“Batsumi” Is A South African Gem Made In The Face of Oppression

Batsumi-by-Times-Media-Limited-600.jpg

Batsumi. Photo by Times Media Limited.

During the brutal era in South African history known as Apartheid, the minority-white ruling party forcibly moved millions of black South Africans from their homes to segregated areas, stripping them of their citizenship and reassigning them to tribal Bantu status. But even in the face of this outrageous oppression, South African music thrived. Artists like pianist Abdullah Ibrahim (formerly known as Dollar Brand), and multi-instrumentalist Hugh Masekela gained fame both within the country and beyond. But Ibrahim and Masekela were the exceptions, rather than the rule. Because they both lived and toured abroad, it was easier for their music to get attention. For local South African musicians, operating under the threat of state violence, breaking through to European and American audiences was much harder.

From this difficult environment came the self-titled debut from Soweto band Batsumi, one of the region’s most unusual and lush jazz albums. First reissued by UK/South African label Matsuli in 2011, and recently re-pressed on clear vinyl, Batsumi sits alongside the Asiko Rock Group’s album and Mor Thiam’s Drums of Fire as true crate-digger classics—exceptionally rare albums that far exceed the hype generated by their scarcity. Batsumi was inspired by the Black Consciousness Movement of the late 1960s, which was led by anti-Apartheid activist Steve Biko, whose writings and famous slogan “Black is Beautiful” sought to empower black South Africans. The movement was an assertion of pride, and Batsumi’s raw, indigenous jazz is filled with the same sense of serene self-love that Biko preached.

By the early 1970s, the two major anti-Apartheid parties—the Pan Africanist Congress and the African National Congress—had been outlawed by the ruling National Party, and were operating underground. Batsumi leader and guitarist Johnny Mothopeng’s father had been the president of the Pan Africanist Congress and was subsequently imprisoned. The younger Mothopeng saw Black Consciousness as a way to “keep the fires burning.” That heat and resilience can be heard throughout Batsumi.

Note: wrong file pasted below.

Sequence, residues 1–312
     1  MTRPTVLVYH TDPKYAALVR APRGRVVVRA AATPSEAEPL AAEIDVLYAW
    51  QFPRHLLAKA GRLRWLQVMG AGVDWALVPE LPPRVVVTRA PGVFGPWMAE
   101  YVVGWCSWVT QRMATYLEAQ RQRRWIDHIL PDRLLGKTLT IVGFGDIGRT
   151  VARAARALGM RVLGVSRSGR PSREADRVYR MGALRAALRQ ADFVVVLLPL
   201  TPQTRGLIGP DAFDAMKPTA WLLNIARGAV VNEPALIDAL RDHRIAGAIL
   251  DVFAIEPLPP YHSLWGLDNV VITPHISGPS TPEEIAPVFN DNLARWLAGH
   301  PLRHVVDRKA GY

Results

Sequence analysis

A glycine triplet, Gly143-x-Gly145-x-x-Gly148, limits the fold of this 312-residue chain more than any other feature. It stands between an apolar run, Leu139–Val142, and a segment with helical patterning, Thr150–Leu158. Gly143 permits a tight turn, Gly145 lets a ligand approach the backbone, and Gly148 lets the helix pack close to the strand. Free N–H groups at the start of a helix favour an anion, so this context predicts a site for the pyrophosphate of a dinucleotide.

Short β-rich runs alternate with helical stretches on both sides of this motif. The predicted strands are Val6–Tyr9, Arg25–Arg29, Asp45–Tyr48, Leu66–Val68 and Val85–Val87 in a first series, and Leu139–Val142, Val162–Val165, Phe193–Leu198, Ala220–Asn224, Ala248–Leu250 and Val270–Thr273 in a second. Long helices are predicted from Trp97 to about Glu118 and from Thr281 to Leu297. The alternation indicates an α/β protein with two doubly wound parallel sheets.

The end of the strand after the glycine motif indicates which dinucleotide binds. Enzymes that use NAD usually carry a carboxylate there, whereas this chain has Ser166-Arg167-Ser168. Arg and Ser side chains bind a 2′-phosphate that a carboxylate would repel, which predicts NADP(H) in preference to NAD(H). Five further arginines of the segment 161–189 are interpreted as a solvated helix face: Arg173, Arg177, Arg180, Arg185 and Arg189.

Batsumi was released in 1974 on the Records & Tapes imprint, a subsidiary of Satbel. Yet in an all-too-familiar pattern, Records & Tapes—a white-owned company—paid the band next-to-nothing, and barely promoted the album. Still, Batsumi was incredibly popular on tour, and for years played to large crowds at festivals and stadiums across South Africa. Batsumi doesn’t sound like afro-spiritual jazz in the vein of Alice Coltrane or Pharoah Sanders. Instead, it’s more beguiling and weightless; its five tracks flow seamlessly—blending flutes, saxophones, winding bass and soulful vocals into a gorgeous suite of nuanced melody. Most of the band couldn’t read or write sheet music, and learned to play by ear instead. Their saxophone player, Themba Koyana, listened to jazz legend Charlie “Bird” Parker until he sounded just like him. Throughout the album, the band sounds equally relaxed and intense, as if they knew their music meant a great deal to the community it served. On “Lishonile” and “Anishilabi,” in particular, Batsumi is both free and electrifying.

According to Mothopeng, the studio sessions were brisk, moving quickly from one track to the next. The band rehearsed and memorized the core melodies of each song, then stretched them out and let them wander during the recording sessions. On the album’s longest tracks, “Lishonile” and “Itumeleng,” the group launches into propulsive blasts before settling into expansive grooves, allowing the wind instruments to hover around the bass and drums before vocal chants arise. “Emampondweni” and “Mamshanyana” are loose and floral, recalling some of the more swinging sides of the Canterbury scene and Sly Stone’s freewheeling cuts on his Stone Flower label. The final track—the radiant “Anishilabi”—feels especially remarkable: a joyous clarion call of courage.

Perhaps the most unique element of Batsumi is the way it blends jazz and South African indigenous folk music. The vocals are in Zulu, Xhosa, Sotho and Shangaan, and the lyrics cover a broad range of topics: heroes (“Moshanyana”), ancestry (“Empondoweni”), and providing for one’s family (“Itumeleng”). Unlike their contemporaries Dashiki Poets—who also made indigenous jazz, but wrote more explicitly political lyrics—Batsumi are less didactic. Their music is still political, but it uses poetry and grace to achieve its rhetorical goals rather than anthem and slogan. For Mothopeng and the other members, singing unapologetically in native languages while fusing indigenous folk music and jazz was inherently political, a musical confirmation of dignity. Twenty years after the fall of Apartheid, Batsumi remains sublime and transformative, and its resonance hasn’t faded at all over the years.

Neil Fauerso

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